The day you went for induction in Houston, that day in '60, '68, '67, what were thinking that day and how did you feel?
I felt happy because I knew I wasn't going and people didn't think I had the nerve or they don't have the nerve to buck the draft board or the government. And I almost ran there, hurried. I couldn't wait to not take the step. And the moment I did that, all the boys looked surprised. The guy who asked me to take the step looked surprised, and we went into the back room and they talked to him, told him what's going to happen. If I go, I don't have to fight, or just do exhibitions and things. I told them I still won't go because they're leading more boys to their death. And I says, "I'd rather go to jail." So they say, "You are ready?" And I never did. I fought going to the war, the world was watching, the Blacks mainly, looking, to see if I had the nerve to buck Uncle Sam, and I just couldn't wait for the man to call my name, so I wouldn't step forward. I enjoyed that day. I loved that. And after I left, say, "Look it everybody. He didn't go. He going to jail." I said, "I'd rather be in jail fed, then in Vietnam dead." You see, I know I had gone to Vietnam somebody says, "I'm going to get the nigger now." I might have got shot accidentally. I was just that controversial.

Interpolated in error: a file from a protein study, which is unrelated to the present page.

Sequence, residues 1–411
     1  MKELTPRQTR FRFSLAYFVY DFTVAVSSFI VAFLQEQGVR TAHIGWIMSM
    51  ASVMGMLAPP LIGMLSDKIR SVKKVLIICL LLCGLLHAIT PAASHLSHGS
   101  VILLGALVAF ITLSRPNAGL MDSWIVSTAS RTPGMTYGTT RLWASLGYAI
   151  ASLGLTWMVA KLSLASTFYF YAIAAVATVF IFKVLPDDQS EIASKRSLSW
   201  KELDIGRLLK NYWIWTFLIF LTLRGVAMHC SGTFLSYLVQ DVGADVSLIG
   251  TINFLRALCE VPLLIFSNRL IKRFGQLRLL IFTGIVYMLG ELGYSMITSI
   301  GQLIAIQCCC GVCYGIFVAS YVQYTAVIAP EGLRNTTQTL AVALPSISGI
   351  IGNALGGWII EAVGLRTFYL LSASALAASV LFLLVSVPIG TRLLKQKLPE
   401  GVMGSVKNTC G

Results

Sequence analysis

It's great. Let's cut.
Because I'm a bad nigger.